Artist Thomas Gainsborough owed his career to double murder in family
PUBLISHED: 12:06 17 October 2018 | UPDATED: 12:21 17 October 2018
A double murder in the family of Thomas Gainsborough set him on his path to fame, it has been claimed after new research shed light on the early life of the world-renowned artist.
Research by Gainsborough’s House museum in Sudbury uncovered revelations about the artist’s uncle and cousin – both called Thomas Gainsborough – who were probably killed after being warned not to pursue a debt.
The separate murders, when the artist was aged just 11, were uncovered by Mark Bills, director of Gainsborough’s House, as part of his four-year research project into the family.
Just before his murder, the uncle remade his will and left £40 to Gainsborough to be put towards “a light handicraft”.
“While traumatic for a young Gainsborough, without these murders and the inheritance passed on to Gainsborough’s father, it is unlikely that Gainsborough would have afforded to train as an artist or indeed travelled to London,” said Mr Bills.
“It is extraordinary that despite hundreds of years of studying Gainsborough and numerous biographies, these key aspects of Gainsborough’s family history have only just been uncovered.”
Gainsborough’s uncle and cousin were pursuing a man named Richard Brock, who owed money to the family.
The pair were urged to stop and the Art Newspaper tracked down threatening letters sent in 1737/8 just before the separate murders.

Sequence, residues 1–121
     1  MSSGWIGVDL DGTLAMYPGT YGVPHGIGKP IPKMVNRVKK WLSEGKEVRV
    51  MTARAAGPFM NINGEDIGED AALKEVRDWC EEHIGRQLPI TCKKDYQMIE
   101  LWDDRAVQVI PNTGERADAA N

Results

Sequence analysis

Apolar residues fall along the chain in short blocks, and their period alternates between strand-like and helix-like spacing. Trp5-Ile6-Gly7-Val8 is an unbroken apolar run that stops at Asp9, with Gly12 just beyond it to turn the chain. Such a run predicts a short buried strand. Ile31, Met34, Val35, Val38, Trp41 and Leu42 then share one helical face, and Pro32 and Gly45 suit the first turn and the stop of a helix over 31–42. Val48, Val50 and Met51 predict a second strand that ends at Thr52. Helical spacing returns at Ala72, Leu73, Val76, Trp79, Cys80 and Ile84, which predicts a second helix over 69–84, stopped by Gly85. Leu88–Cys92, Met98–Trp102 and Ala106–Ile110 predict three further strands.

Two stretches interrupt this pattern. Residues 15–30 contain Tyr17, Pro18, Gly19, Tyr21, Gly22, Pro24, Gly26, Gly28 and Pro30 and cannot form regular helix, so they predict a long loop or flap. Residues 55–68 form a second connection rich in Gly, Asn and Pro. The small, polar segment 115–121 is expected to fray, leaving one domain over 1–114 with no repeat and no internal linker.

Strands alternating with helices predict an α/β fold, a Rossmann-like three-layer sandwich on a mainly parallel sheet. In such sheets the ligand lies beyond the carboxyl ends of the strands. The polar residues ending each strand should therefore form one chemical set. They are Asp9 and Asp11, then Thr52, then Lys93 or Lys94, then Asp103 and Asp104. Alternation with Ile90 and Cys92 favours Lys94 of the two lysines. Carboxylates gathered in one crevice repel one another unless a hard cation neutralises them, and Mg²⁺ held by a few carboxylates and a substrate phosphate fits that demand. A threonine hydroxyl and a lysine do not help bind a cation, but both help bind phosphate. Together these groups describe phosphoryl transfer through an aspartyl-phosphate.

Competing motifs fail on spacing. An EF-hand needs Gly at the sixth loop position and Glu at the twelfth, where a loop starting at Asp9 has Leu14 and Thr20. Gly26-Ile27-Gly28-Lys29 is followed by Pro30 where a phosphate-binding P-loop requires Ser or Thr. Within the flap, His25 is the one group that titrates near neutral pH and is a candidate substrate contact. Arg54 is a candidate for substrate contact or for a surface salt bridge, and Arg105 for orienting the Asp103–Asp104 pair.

One warning directed at the artist’s cousin read: “We will either shoot him or hang him up in gibbets.”
An ultimatum was issued to drop the claim against Brock, but within a week the cousin was dead.
The uncle continued to pursue the debt, but was killed six months later at the Golden Fleece pub in Cornhill in London, close to the coach stop from Sudbury.
The new research reveals Gainsborough, who was born in Sudbury in 1727, lived with the shadow of debt hanging over him as his own father was bankrupt.
Mr Bills added: “This would have had a key influence in Gainsborough’s motivations and decision making.
“He’d seen the impact of debt, and he went on to marry a woman with a guaranteed income, and this would have influenced his decision to undertake portraiture that provided income over his greater passion for painting landscapes.”
The research was undertaken in preparation for an important exhibition at Gainsborough’s House launched this month about the artist’s early life, bringing together previously unseen works.
Early Gainsborough: From the Obscurity of a Country Town will run from October 20, 2018, to February 17, 2019.